“Nothing is gained without suffering,’ said Thorgil.
‘I think that’s a Northman trick to squeeze pain out of a perfectly decent situation.” (Nancy Farmer, The Sea of Trolls)
Creativity grows out of limitations. If I’m given a blank page and told to do anything I want, I am much more likely to be dumbfounded by the sheer amount of possibilities than to be instantly inspired. However, when given a set of constraints, our minds try to overcome the adversity and what results is often unique. While reading The Sea of Trolls, it felt to me as if Nancy Farmer was using this exact principle to let her work reach all of the depth of truth and the height of humor it could.
Her three constraints, if you will, are a common wizard/apprentice beginning (very much like what is found in A Wizard of Earthsea by Ursula Le Guin), Norse mythology and the Jack and Jill nursery rhyme. Within these limits Nancy Farmer sets up a glorious world where fantastical events flourish while the characters manage to remain true to life.
Another aspect of Nancy Farmer’s writing in which I relished was her unrushed sense of pacing. It seems to me that I’m constantly reading suspenseful YA or children’s novels that leave me simultaneously loving and hating them. I passionately read works like The Hunger Games because they suck me entirely into their world, but after putting down the book I often find that the ultra-fast pacing disguises serious faults such as holes in the plot or sub-par writing. On the other hand, Sea of Trolls was well written, had a lovely original plot and was good enough that you could put it down for a few days and then still want to come back to it.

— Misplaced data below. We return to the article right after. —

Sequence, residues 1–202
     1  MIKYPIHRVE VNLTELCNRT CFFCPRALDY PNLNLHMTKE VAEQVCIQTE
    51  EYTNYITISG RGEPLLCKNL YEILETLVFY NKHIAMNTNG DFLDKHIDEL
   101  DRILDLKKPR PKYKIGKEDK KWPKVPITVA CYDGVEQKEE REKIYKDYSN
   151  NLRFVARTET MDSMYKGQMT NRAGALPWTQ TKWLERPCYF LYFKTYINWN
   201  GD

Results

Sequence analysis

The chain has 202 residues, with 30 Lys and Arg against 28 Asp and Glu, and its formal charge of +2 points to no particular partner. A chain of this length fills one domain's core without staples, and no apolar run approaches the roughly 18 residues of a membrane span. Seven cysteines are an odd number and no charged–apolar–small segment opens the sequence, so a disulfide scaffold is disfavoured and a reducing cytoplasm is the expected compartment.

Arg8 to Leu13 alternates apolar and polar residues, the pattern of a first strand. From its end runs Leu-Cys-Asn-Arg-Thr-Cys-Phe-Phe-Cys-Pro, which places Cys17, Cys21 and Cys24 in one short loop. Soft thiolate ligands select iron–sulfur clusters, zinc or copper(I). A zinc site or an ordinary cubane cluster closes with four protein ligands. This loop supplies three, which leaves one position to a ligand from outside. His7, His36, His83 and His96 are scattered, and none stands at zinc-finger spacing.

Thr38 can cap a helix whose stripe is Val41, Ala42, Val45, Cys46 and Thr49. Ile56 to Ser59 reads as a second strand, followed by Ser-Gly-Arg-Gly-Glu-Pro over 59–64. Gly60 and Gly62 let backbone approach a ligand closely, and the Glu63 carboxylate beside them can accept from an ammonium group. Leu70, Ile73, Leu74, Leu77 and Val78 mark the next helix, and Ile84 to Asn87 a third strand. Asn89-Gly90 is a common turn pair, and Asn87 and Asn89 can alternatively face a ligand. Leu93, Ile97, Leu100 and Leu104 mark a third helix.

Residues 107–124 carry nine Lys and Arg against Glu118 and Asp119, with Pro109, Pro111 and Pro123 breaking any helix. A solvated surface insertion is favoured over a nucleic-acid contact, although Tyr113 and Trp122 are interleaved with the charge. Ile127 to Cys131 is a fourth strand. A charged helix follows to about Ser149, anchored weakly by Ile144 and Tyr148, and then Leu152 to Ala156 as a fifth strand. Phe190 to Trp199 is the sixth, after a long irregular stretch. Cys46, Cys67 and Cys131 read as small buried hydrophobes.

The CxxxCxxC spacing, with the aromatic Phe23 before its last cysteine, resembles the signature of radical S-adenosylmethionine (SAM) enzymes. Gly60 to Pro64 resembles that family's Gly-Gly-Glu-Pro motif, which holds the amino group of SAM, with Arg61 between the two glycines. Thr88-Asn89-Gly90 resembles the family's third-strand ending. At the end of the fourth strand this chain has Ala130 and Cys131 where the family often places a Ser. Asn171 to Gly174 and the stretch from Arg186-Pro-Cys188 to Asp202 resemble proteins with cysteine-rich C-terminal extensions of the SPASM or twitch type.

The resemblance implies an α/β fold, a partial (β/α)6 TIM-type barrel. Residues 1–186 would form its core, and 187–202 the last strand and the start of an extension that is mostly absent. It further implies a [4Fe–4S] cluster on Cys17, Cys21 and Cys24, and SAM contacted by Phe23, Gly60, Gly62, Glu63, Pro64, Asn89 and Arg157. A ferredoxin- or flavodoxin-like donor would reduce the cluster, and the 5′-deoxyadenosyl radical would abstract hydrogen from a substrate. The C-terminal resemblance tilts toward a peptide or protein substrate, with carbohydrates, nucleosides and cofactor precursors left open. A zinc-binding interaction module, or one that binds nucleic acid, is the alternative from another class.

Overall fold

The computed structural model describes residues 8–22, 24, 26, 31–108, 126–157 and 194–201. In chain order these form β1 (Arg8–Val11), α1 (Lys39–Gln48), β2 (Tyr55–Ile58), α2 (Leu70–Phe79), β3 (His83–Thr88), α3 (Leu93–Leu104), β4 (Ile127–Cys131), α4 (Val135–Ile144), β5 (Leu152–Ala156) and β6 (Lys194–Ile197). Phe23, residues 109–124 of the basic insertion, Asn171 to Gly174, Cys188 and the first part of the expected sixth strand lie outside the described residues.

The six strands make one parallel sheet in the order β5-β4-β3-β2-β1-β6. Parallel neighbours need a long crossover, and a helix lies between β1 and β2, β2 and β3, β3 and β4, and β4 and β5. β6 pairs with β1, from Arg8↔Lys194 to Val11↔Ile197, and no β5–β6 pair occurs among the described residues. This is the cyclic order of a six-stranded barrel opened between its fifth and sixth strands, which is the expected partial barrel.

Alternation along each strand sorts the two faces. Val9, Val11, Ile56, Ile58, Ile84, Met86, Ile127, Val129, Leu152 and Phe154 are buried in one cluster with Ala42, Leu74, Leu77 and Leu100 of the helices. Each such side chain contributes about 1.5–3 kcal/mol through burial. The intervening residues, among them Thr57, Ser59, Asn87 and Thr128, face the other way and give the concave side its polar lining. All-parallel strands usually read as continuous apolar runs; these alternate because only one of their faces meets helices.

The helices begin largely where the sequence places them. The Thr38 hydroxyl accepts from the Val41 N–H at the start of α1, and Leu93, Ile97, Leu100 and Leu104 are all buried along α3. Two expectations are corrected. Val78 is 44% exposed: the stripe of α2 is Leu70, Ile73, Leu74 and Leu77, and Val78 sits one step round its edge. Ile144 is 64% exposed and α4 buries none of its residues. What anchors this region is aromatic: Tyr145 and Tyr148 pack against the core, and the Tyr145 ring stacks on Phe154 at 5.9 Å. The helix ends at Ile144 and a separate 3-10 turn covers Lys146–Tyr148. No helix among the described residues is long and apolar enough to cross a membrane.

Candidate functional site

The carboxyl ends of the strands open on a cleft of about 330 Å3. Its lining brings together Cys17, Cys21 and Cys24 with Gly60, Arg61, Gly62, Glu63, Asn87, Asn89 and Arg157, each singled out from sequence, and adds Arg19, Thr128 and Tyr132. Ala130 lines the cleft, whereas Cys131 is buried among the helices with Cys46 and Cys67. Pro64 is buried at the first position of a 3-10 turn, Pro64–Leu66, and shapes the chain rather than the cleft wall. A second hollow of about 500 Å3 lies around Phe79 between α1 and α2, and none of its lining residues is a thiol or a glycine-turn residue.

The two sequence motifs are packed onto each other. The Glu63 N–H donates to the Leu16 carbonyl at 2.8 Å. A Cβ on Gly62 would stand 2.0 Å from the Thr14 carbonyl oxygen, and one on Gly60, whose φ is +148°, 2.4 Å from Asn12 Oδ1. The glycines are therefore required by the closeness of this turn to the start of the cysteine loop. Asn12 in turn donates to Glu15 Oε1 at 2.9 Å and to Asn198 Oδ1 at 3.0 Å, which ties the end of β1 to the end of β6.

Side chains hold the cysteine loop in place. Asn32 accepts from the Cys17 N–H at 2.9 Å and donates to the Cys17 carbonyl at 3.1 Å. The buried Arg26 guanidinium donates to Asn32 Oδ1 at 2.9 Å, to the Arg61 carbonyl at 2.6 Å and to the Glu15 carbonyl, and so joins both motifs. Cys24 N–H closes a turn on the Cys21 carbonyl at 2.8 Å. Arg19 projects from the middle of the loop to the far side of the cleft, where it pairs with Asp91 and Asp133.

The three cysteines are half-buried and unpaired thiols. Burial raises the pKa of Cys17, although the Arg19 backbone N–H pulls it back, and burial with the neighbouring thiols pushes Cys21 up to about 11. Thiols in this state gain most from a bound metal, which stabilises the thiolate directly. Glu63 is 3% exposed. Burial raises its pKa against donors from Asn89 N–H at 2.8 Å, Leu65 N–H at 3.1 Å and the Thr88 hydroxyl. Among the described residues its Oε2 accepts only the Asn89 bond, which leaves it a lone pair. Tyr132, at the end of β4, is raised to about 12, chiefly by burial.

Beverage: I found myself wanting a nice cup of hot coffee while reading this book, but the absurdly hot weather prevented me from indulging. If you are fortunate enough to have a nice spot of cool weather or to read this book in the winter, that’s exactly what I’d recommend.
Reminds me… of, as I already mentioned, A Wizard of Earthsea. Really the resemblance is uncanny. I almost wonder if Nancy farmer began this book as a writing exercise where she used Ursula Le Guin’s first few chapters as a springing board for other ideas. Then, of course, she went back and changed a few details.